Why did the Spark Email App receive a design update?

Spark is a great email client, it is fast and reliable, but unfortunately heavily overpriced.

Okay, I admit it, I was very tempted to “switch” from using my native iOS mail client to whatever is better. And Spark seems like a great alternative. It ticks many of the boxes I would like an email client to tick.

But at the same time, I can’t help but wonder why I would invest so much money on a better email client. For the simple reason, that I have done everything in my imaginable power to get rid of emails all together.

I want to treat emails like good old fashioned letters. I get one, I open it whenever I want and will respond with a full, half-way sophisticated, more elaborate reply. If you want a quick answer from me, don’t drop me an email, but simply give me a call or write me a text. That is exactly what these mediums are for.

Messaging apps and services (Slack & friends)

WhatsApp and iMessage are great for quick messages, and there is no reason whatsoever to write me an email if you simply want to know whether or not I am available for coffee this afternoon or to discuss the status of your latest and greatest work results.

I actually introduced Slack as the main messaging client at GANDT Ventures about two years back, and it has been tremendous for our productivity and team communication. Furthermore, most of our clients have joined our shared channels and we have drastically reduced the number of non-important emails.

Spark is a great app, don’t get me wrong. However, I feel that a design overhaul is not going to help much. The use case for more or better email (classification and speedier delivery), is just not there. Email is something we should all try to get rid of. Why try to fix something that is inherently wrong to begin with.

If you do love your emails, have a look at spark. It’s expensive, but great. A welcome alternative to the native iOS mail client and/or Microsoft’s outlook product.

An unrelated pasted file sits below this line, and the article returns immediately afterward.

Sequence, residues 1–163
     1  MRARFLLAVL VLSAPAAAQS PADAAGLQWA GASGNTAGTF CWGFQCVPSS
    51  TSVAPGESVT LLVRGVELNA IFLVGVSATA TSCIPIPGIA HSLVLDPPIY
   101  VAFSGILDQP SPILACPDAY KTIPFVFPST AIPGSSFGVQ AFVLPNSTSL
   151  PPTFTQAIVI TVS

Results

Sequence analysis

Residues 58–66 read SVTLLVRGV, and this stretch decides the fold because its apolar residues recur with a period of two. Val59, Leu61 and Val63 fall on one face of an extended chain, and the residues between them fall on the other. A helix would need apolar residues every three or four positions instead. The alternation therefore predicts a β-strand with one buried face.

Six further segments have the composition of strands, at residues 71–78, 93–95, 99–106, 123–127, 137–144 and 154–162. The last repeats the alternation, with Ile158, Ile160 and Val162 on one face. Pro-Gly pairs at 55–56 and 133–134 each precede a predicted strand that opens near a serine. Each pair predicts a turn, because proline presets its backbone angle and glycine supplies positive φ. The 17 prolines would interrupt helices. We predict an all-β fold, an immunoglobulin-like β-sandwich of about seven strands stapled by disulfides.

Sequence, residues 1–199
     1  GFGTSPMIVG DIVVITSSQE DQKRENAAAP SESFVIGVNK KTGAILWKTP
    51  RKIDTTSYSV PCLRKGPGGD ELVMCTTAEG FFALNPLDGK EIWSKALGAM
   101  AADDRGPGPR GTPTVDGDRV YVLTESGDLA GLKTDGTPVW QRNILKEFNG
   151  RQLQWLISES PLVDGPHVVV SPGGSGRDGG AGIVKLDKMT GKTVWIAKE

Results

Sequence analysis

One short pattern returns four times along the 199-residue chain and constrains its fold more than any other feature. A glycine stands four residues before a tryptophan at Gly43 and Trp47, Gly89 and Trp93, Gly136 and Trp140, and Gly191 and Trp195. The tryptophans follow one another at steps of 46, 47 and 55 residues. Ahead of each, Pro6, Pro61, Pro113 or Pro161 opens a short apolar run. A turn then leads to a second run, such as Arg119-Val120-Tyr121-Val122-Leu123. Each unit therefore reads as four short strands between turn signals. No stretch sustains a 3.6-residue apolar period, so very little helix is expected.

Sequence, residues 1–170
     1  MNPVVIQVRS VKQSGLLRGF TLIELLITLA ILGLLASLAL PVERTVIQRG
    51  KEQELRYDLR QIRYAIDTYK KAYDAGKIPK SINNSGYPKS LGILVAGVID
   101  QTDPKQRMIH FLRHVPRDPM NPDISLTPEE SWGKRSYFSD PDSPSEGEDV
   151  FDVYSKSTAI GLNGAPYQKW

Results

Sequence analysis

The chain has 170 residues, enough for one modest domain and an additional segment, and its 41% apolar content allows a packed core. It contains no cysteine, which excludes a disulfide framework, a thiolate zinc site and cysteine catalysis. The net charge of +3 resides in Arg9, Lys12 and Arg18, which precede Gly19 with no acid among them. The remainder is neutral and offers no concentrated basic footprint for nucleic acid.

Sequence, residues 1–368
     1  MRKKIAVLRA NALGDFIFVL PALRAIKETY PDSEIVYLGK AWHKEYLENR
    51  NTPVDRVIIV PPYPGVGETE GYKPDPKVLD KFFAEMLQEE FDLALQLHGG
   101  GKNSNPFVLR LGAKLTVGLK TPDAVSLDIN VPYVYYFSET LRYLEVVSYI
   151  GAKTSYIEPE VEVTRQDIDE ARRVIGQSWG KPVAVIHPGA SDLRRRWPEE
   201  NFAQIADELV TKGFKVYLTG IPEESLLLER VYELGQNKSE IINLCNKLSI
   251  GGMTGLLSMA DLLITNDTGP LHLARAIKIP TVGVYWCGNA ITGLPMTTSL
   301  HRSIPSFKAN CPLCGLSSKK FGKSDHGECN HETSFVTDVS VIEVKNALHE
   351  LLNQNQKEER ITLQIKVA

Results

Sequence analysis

Tempo Email App

Today I came across a really nice, plain email client: Tempo. The MacOS app was made by a small group of danish programmers, and has just come out of beta.

Tempo focuses its full attention on the least amount of distraction when answering emails. It is build up of one single to-do list, where you can save emails to answer for later and adds a twitter-style 140 character quick reply feature; all of which help you focus on the core message and getting things done quickly.

I’ve just played around with the app for a little bit, and there are some obvious flaws (shortcuts are not clear or do not follow the international US/UK standards, when sending off emails the initial mail is archived straight away, making it hard for me to find threads), but the general concept is promising.

I’ll surely keep the app on my Mac for a little while and give it a go in the weeks to come, next to my standard email client.

The end of email

Email isn’t dead, just yet. And there are a couple of interesting tools out there that are starting to make it more bearable. However, I still don’t think anyone should go all-in on email at this point. That boat has sailed and we need to move on to a new way of communication. There is nothing sexy about email and writing “digital letters” to one another needs to become a thing of the past, soon.